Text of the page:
I finished my SpoNoWriMo novel! Topping out at about 56,000 words, it’s not long. Regardless of its brevity or its chaos, though, it still feels good to write THE END on a new story. From what I can tell, it’s a great feeling for everyone (who wouldn’t want to finish a whole story?) Now I’ve reached the point where I need to figure out what I’m going to do about the mess that is my manuscript.

Oh dear. Revision.

I generally enjoy the revision process. I like rewriting prose, moving chunks around, and otherwise improving the work. I like watching the manuscript grow and shrink like some convoluted chemical reaction.

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Worldbuilding Creatures: Fit the Niche


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Anurognathus ammoni, a pterosauria from the Upper Jurassic of Germany (Solnhofen limestone) hunting Kalligramma haeckeli.

What does the creature eat? Where does it live? I’m always fascinated by these details of imaginary creatures.

When I invent creatures for my fantasy world, I use a few techniques to brainstorm ideas and polish them. I usually use the this one to polish ideas, but it can also be used to brainstorm new ones. Either way, one way to worldbuild new creatures for your world is to Fit the Niche.

As in, where in the world does the creature fit? Where does it live, what does it eat, and at what time of day? Does it hide in trees, or in the ground, or perhaps not at all? I like to carve out a niche for creatures I invent, finding reasons for why and how they would exist. As a biologist, I like my creatures to make sense, and am delighted when strange creatures find a special place in their imagined environment.

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Dreadful First Drafts


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A dreadful printed first draft, and crumpled paper.

My first drafts are always terrible. Fortunately, dreadful writing can always be improved. The important part is that it’s written.

I interrupt my sequence of Worldbuilding posts to announce I’ve hit the 50,000 word mark for my SpoNoWriMo novel! I’m so excited. Though it isn’t an official NaNoWriMo novel, it was still a blast. My story isn’t finished yet, but the climax is in sight, and I think I’ll keep charging ahead until it’s done.

And so far, it’s dreadful.

Given that I’ve been pushing myself to write it and to not second guess my writing, the prose is far from stellar. It is definitely not something I want anyone to read, at least not until I give it a good round of revisions. Not only are there issues with the prose itself, but the story is somewhat disjointed by all the times I’ve adjusted things in the story without backtracking to fix previous scenes. I can definitely see where I need to improve as a writer!

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Worldbuilding Creatures: Find the Awesome


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Chimera by Teegan Purrington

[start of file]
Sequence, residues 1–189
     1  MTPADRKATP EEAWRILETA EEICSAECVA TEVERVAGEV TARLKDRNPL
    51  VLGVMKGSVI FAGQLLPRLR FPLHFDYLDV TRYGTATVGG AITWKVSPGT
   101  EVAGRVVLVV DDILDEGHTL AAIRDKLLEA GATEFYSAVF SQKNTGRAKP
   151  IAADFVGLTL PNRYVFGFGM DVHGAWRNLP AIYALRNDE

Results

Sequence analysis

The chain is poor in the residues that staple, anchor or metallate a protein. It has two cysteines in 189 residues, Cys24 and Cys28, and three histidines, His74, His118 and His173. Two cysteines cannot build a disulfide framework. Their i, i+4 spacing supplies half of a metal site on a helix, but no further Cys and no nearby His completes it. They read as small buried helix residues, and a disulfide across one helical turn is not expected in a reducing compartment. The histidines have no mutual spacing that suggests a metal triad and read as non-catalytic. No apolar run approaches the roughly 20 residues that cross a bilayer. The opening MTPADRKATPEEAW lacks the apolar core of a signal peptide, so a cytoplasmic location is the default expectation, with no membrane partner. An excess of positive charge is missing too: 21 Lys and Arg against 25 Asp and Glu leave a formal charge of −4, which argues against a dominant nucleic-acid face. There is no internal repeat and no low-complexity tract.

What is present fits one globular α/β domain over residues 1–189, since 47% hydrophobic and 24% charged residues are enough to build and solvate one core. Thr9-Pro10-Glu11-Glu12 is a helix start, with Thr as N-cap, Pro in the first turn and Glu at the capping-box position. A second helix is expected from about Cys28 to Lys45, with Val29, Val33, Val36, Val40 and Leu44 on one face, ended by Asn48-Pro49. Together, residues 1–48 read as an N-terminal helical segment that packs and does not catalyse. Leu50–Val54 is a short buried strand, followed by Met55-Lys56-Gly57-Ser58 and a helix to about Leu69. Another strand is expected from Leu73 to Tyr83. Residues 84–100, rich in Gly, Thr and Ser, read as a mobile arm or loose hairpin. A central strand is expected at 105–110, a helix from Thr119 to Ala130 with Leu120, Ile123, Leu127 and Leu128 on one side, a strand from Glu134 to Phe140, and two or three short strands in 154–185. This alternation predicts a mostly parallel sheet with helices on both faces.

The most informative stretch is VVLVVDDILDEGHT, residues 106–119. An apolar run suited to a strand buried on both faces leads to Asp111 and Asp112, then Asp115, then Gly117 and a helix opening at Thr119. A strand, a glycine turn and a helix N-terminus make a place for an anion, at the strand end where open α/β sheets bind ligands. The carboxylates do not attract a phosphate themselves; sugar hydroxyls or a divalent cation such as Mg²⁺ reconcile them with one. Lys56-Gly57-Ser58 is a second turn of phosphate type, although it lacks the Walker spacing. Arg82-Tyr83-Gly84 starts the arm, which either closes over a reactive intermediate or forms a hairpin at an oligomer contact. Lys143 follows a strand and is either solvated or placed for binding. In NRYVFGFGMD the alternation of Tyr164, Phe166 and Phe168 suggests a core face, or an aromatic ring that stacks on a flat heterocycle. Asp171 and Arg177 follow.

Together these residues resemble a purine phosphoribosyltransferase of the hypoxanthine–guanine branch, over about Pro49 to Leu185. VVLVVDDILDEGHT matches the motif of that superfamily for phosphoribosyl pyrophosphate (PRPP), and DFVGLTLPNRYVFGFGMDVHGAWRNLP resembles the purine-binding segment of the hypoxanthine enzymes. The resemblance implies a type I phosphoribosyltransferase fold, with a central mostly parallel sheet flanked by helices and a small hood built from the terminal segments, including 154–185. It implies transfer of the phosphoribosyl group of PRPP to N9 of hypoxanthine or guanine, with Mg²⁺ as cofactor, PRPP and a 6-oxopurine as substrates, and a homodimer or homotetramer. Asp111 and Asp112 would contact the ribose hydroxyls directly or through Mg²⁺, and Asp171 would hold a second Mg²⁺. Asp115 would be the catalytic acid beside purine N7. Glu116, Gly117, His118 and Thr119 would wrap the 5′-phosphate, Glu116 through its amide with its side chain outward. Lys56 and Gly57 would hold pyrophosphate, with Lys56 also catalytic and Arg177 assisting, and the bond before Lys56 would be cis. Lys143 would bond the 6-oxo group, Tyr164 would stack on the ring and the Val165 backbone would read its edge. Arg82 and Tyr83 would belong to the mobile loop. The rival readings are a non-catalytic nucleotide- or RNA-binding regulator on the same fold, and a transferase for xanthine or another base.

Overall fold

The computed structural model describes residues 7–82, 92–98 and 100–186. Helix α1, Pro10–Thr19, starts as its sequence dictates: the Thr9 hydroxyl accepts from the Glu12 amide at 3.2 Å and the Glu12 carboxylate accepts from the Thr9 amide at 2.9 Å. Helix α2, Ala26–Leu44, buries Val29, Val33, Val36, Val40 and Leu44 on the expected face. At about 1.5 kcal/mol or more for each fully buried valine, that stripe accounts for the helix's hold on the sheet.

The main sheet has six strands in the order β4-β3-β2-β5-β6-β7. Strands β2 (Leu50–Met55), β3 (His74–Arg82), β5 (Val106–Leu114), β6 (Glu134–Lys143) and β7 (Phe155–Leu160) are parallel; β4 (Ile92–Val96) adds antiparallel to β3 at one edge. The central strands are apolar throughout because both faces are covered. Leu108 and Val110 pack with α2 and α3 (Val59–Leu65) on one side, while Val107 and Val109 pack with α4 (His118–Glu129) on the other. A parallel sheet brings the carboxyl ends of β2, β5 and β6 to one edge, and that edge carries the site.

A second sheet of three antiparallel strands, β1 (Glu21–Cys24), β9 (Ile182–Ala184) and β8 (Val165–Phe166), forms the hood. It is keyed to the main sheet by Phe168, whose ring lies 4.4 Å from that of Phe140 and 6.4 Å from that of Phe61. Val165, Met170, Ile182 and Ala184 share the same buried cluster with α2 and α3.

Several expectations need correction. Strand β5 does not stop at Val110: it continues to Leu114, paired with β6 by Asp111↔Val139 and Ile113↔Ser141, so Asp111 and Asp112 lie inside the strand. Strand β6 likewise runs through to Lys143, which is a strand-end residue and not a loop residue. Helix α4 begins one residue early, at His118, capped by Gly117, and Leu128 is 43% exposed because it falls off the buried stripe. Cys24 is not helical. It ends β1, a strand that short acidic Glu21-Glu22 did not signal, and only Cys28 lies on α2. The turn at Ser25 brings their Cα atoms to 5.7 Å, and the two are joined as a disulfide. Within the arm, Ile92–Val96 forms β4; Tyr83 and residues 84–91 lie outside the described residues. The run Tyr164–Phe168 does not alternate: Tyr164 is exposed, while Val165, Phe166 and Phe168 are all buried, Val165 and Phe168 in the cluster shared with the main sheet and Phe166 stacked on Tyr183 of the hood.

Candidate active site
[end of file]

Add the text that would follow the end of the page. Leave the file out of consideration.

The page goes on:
Decide what would be an awesome creature, then make it.

One of my favorite things about writing fantasy is the worldbuilding. I’m sure I’m not alone. With all the world at your disposal, you can create whatever sort of world you want, with its own cast of creatures and races, cultures and landscapes. But of all the things to invent, my favorites are the creatures. (Big surprise, coming from the biologist, huh?) So in the next few posts I’d like to share a few of the techniques I use to invent new creatures. Here’s today’s:

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Evading the Inner Editor


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Madonna_in_snow via China's Tiger on en.wikipedia

Photo Credit: China’s Tiger on en.wikipedia

It creeps behind your fingers, critiquing every word you write. It whispers behind your thoughts, takes control of your eyes. There! it shouts, jumping up and down. A typo! A misspelled word! Correct it! Correct it now!

You forgot a comma!
A run-on sentence!
No, that character wouldn’t actually say that!
That’s stupid, that doesn’t make sense!

It’s the little voice that is trying to carve details into a chunk of clay before the vase is finished. Those details are just going to be swept away to complete the vase itself, so why focus on them now? Better to start with the vase, then add the details and textures once it’s done. Editing before your scene is complete is like trying to embroider a quilt that hasn’t been sewn yet, or icing a cake that hasn’t been baked.

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Spontaneous Novel Writing


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(Photo credit: Wikipedia)

National Novel Writing Month (NaNoWriMo) is November. During that month, thousands of writers, published and aspiring alike, join together in one goal: to write a 50,000 word novel in 31 days. While I have never participated before, I know people who have, and it looks like a blast. I definitely want to give it a try this year. But who says I have to wait until November?

In late 2008, a story idea that had been bouncing around in my head finally demanded to be told. It convinced me to set aside a novel I had previously been working on so I could devote my attention to bringing this new story to life. Four years later, I am in its 7th rewrite, and things just aren’t working how I see them. I just don’t have the experience to do it justice.


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The Importance of Victories


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Hanagami Danjo no jo Arakage fighting a giant salamander.Have you ever read a book and gotten frustrated by its cycle of events? Where the characters are afflicted by failure and misfortune, Where any hope of refuge or relief is denied, and flickers of hope are extinguished? Have you ever gotten so frustrated you put the book down? Or maybe even thrown it across the room?

This happened to me while reading George R. R. Martin’s A Game of Thrones. While a brilliant writer, GRRM is absolutely brutal to his characters. Things just keep getting worse and worse throughout the book. Failures and consequences, tragedies, frustrations, and death. Sometimes it looks like something might go right–but instead things just get worse than before. I got so frustrated with the lack of success that I stopped reading. Multiple times. (The book wasn’t mine, so I didn’t throw it. I thought about it, though.)